Benjamin Thigpen divide by zero

[Sub Rosa; 2011]

Styles: electroacoustic, noise, glitch
Others: Iannis Xenakis, Zbigniew Karkowski

Many technophilic views on society depart from the premise of machines becoming the pinnacle of techné, objects that achieve performance perfection through an automatized set of rules, positioning themselves as always functional, flawless, reliable entities. Certainly, electronic music since its academic origins and Futurist roots — considered not only as an aesthetic, but also as an ideological movement — perfectly reflected this vision, having as theoretical and technical groundwork the illusion of complete control over the devices that gave birth to sound and a millimetric precision on the variables configuring the sonic design. Of course, the counterpart to that position is the neo-luddite approach, where machines are considered defective, dehumanizing instruments prone to failure that could induce catastrophic events — represented musically, for instance, through glitch: the evidence of digital malfunction, the hidden layer of numeric downfall, the aesthetics of failure.

Lying somewhere in between these two opposite positions is the small set of works by electroacoustic composer Benjamin Thigpen, compiled under a title that directly refers to the mathematical impossibility that could make a machine self-collapse: dividing by zero, a concept that is founded as an undefined anomaly within algebraic systems, and that is now part of pop culture (from internet memes to frightening real-life accidents).

The idea of machines failing and turning against themselves is a recurrent theme in technophobia, and in this case, it is prompted by a simple deductive operation. The sound material in “malfunction30931” comes precisely from a computer malfunction, corrosive friction slowly damaging the inner mechanisms that enable the computational processes, a portrait not only of inner digital break but also of external analog failure: the sound of melting silicon and burning chrome, as depicted by the technological debris in the cover art. In addition to the possibility of self-implosiveness in an otherwise well-defined order, divide by zero also refers conceptually to what is out-of-reach for machine logic or human understanding, the incogitability of that enigmatic and undetermined zone lying beyond (a) language. This fear of the unknown relates not to some mystic or paranormal dimension, but to the dread of reaching the boundaries of what is actually knowable — the awareness of humankind’s own rational limitations. But dividing by zero does not always lead to a null region. In complex planes under certain conditions, this operation culminates in an infinity value. “0.95652173913,” a rational number that can also be expressed as 22 divided by 23, a simple operation — an inexact division — leading to an endless, unmentionable figure that starts almost unnoticeable and then goes alternately from predictable sequences to vague rhythmic patterns to disrupting randomness: those are the possibilities of uncertainty in computing — divergence as the inceptive matter for incessant continuity, a divine property arising out of the boundlessness.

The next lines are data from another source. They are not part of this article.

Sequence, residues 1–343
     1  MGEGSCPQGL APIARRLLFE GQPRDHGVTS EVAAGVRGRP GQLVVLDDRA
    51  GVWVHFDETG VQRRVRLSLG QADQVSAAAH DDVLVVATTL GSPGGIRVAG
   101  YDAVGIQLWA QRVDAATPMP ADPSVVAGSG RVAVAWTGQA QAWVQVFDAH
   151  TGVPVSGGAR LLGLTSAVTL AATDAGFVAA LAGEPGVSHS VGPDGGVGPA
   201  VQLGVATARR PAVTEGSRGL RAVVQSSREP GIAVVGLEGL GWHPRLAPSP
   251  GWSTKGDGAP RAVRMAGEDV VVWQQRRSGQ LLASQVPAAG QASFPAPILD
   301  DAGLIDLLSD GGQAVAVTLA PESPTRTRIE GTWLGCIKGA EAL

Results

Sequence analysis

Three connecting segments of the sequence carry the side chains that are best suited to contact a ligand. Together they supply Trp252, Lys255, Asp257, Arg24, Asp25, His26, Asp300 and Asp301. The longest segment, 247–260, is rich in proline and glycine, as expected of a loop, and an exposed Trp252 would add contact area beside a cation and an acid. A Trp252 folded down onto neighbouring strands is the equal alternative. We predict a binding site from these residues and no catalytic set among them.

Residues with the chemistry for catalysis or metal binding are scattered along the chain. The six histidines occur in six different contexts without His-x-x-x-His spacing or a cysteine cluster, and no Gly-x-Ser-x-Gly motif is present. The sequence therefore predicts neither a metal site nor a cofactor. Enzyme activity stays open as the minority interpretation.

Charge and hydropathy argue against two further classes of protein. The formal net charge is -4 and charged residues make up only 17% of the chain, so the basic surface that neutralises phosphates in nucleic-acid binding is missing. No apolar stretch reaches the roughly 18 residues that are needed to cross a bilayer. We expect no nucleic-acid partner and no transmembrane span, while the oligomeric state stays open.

The sound material for “incandescence” is almost entirely taken from Iannis Xenakis’ colossal primitivist multimedia masterpiece Persepolis, a complex work that nonetheless has been suitable for re-working and re-mixing by several artists. Here, Xenakis’ rising waves of overwhelming chaos picturing the archaic imagery of the pre-classical world are violently fragmented, distorted, filtered, and convoluted by Thigpen until they become completely unrecognizable. In contrast, the flickering moans of “brief candle” or the brevity of “espoir,” with chain reaction-triggered bursts accumulating on top of each other and some masked chants — apparently tonal — emerging from within the noise, reveal an organized nature inside the unlubricated binary gear. What all these pieces have in common is the idea of a single, isolated sound particle becoming irrelevant; what matters is the mass interaction of all temporal atoms, hatching textures that are omnipresent throughout the album and do not require expansive elaboration.

Through 60 minutes of sonic wreckage, Thigpen proposes that machines are both the problem and the solution, destructive forces but also source of creative energy. divide by zero is not the first work concerned about breakdown in the post-digital age, and it won’t be the last. Far from being cutting-edge in its techniques and results, it belongs instead to a well-established discourse in both popular and academic music that seems to be merging into a common concern: machine failure as a concealed catastrophe but also as potential for creation — nullity and infinity enclosed within the same confines.

Links: Benjamin Thigpen - Sub Rosa